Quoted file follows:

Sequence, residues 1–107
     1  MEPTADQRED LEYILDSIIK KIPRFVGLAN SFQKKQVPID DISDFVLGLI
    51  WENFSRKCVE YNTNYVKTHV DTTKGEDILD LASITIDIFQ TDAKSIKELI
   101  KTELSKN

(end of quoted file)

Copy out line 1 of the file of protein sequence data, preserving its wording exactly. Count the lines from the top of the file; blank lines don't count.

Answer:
Sequence, residues 1–107